New Forest Deer
The New Forest is full of beautiful wildlife that visitors can enjoy watching, one of the animals that makes the New Forest woodland its home are deer.
The five main types of deer that can be found here in the New Forest are:
Deer are notoriously shy animals and tend to keep to the quieter parts of the forest during the day, but at dusk and dawn they can venture near the roadsides so please do take care when driving.
Deer are herd animals and move together in groups so are rarely alone, the forest woodland provides good cover and shelter from the elements.
Top places to see deer in the New Forest
At Bolderwood Deer Sanctuary, near Lyndhurst, the deer get fed daily between the months of April and September. It is here that you will find herds of fallow deer regularly gathering around as they wait for a Forestry England Ranger to come and feed them. If you are lucky and time it right you can watch them being fed from the viewing platform. The feeding takes place anytime (when a ranger is free) between 12.30pm and 2.30pm.
If you are looking for a little adventure then a New Forest deer safari, based near Burley is great for those that are looking for exciting things to do with children as it offers a unique chance to get close to some of our deer. Enjoy watching the herd of shy red deer and the occasionally visiting fallow deer from the back of a trailer. As the deer are used to the noise of the tractor and trailer you can get within a short distance of them.
The Sika deer tend to be found to the south of the New Forest, around the Beaulieu area. Not a native breed of deer to the UK, the small herd has bred from two deer that escaped from the Beaulieu estate in the early 20th century.
Autumn is a good time of year to see deer as it is rutting (mating) season for most species.
Discover more about some of our deer species found in the New Forest below:
It is believed that fallow deer were first introduced into Britain by the Romans before becoming extinct in UK after the fall in the Roman empire. It wasn’t until the 11th century that these deer were reintroduced to the country. The New Forest was also William the Conqueror’s first hunting forest in England.
In the seventeenth century the deer census in the New Forest was reported to be a population of 7,500 fallow deer, today there are about 1,300 however they remain widespread throughout England and Wales.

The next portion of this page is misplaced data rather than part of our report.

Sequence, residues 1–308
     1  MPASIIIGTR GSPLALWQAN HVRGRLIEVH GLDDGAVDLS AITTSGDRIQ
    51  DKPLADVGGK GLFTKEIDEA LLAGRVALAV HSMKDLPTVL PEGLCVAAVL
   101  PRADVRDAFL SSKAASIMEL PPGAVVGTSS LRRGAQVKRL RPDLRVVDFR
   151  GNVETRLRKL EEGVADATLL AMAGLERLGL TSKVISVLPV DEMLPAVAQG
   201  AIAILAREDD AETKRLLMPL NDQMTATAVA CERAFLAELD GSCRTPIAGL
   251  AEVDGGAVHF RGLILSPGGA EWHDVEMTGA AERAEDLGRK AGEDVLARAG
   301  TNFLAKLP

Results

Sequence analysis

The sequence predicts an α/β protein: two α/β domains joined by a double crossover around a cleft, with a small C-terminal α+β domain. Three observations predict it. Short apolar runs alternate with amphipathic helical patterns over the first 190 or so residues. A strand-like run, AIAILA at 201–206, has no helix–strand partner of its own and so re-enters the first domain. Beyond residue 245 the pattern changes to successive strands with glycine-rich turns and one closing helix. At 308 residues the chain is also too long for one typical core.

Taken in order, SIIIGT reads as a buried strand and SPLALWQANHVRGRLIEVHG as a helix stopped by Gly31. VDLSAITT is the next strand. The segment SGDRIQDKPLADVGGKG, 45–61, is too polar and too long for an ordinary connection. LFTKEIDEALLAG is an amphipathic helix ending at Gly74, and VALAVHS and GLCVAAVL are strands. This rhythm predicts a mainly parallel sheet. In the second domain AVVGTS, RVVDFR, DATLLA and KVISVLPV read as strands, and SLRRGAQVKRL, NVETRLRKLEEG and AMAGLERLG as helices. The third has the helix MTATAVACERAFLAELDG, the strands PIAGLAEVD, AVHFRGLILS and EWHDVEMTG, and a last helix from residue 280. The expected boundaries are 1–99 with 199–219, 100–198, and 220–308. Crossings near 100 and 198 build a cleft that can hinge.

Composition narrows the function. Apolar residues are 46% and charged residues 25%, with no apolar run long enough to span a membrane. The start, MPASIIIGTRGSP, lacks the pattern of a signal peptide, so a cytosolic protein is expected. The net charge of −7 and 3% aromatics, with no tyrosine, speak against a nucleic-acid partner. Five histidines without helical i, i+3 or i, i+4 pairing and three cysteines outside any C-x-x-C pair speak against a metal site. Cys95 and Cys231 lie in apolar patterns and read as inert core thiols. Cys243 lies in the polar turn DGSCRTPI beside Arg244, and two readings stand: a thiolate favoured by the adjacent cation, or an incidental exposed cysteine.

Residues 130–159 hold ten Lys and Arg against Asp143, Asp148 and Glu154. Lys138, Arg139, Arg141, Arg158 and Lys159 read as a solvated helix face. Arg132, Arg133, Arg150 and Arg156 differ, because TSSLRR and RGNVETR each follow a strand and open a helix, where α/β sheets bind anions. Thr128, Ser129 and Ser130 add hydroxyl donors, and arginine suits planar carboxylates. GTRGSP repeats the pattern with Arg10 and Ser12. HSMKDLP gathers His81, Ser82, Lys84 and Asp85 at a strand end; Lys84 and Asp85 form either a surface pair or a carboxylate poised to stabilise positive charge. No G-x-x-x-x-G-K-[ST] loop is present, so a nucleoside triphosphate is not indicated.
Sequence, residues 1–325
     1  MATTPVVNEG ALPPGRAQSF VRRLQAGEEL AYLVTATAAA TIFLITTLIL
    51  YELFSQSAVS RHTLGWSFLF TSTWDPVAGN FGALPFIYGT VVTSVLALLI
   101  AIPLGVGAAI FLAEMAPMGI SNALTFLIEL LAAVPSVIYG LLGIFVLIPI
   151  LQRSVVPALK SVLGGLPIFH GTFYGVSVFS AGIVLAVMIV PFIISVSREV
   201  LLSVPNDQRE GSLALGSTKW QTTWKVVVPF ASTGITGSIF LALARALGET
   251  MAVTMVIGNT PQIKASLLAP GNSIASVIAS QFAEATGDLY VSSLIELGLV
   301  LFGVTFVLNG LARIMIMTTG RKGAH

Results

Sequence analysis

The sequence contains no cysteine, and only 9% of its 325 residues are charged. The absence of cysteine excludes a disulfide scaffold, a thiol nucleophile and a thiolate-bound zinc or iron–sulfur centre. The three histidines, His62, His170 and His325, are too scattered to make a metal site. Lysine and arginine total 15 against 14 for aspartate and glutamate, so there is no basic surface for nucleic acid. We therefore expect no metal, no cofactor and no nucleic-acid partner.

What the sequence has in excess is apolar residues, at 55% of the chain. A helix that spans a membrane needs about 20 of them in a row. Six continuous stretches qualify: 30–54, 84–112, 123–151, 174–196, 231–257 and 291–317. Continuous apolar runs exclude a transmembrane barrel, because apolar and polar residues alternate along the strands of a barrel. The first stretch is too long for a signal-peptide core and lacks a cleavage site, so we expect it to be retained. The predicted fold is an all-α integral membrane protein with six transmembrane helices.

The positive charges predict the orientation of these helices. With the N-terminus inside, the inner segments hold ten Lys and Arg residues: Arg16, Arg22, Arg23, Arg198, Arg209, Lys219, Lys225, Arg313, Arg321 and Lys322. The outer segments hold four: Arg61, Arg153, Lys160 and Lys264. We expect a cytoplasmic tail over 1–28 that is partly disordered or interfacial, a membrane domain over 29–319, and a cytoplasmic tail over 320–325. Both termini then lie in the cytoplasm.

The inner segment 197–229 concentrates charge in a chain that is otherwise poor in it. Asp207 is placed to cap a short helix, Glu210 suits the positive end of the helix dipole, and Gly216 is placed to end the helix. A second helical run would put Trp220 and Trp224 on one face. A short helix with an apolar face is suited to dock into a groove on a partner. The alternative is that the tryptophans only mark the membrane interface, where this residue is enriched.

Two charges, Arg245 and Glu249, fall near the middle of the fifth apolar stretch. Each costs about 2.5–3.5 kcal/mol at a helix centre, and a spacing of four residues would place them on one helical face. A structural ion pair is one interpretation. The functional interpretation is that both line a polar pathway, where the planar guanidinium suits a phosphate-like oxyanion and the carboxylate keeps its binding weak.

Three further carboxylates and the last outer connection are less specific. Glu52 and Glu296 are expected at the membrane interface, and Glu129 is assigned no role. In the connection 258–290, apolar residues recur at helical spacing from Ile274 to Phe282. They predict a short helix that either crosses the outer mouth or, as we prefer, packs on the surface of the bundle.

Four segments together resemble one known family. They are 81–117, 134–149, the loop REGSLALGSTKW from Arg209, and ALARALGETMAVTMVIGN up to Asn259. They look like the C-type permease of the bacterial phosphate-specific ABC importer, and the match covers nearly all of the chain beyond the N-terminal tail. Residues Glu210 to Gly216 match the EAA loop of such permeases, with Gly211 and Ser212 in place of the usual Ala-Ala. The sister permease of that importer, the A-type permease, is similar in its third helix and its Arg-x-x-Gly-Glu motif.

Fallow deer are about one metre high, and are most easily spotted by their distinctive black and white rump. In the summer months the fallow deer have a light chestnut-coloured coat with white spots, this then changes to an unspotted grey-brown coat in the winter months. The fallow deer is the only native deer with palmate antlers. These antlers can reach up to 70cm long.
The female deer (doe) gives birth to a single fawn in June or July after a gestation of 229 days. Bucks (male deer) generally live for 8– 10 years although have been known to live as long as 16 years.
Roe deer are rather small measuring just 60-75cm in height.
The rump is white and Roe Deer also have a white patch under the chin. They have short, three-pointed antlers. The roe deer’s winter coat is a grey-brown colour, but then changes in the summer to a bright red and brown coat.
Roe deer are common and widespread throughout England. At the last count there were 365 roe deer in The New Forest. They tend to graze on a variety of foods including brambles, heather and tree shoots. The peak time of activity for roe deer is usually at dawn and dusk.
Breeding season tends to occur between mid-July to mid-August and gestation usually lasts nine months.
At 1.2 metres high the red deer is the largest wild animal in Britain. They are rich red-brown in colour with a pale brown patch on the backside and are a native species to the UK, having migrated from Europe 11,000 years ago.
Their breeding season tends to be from the end of September until November.
Red deer like to feed on grasses and shrubs such as heather.
Red deer are found mainly the west of the New Forest as Forestry England aims to maintain the herds in this area to avoid the risk of cross-breeding with Sika deer. There is a population of around 125 Red deer in the National Park.
Originally from Japan, the New Forest sika are descended from those given to the 2nd Baron Montagu of Beaulieu by King Edward VII.
Sika are kept in the Beaulieu area by Forestry England to avoid cross-breeding with the Red deer found in the west of the New Forest. Numbers are maintained at about 100.
Sika deer are of similar size and colour to fallow deer but slightly darker. They like to graze on shrubs, particularly heather, and grasses.
Their breeding (or rutting) season occurs from the end of September to November and Doe’s have a gestation period of 7½ months.
Sika tend to be active throughout a 24 hour period although more active in darkness.
Muntjac are small, dog-sized creatures with long back legs and are often called barking deer as they repeatedly bark loudly; they also scream or squeak when alarmed. Muntjac are not often seen in the New Forest: however you are most likely to spot them around Beaulieu.
Muntjac can breed all year round, with the females able to conceive again within days of giving birth.
Muntjac numbers are increasing so Forestry England has a policy of culling them because they represent a threat to the native Roe deer.
Care for our Deer
The New Forest National Park is a wonderful place to visit and you can help it stay that way by being a Forest friendly visitor.
Your food and litter could harm the deer, ponies and donkeys. Please take your litter home if bins are full.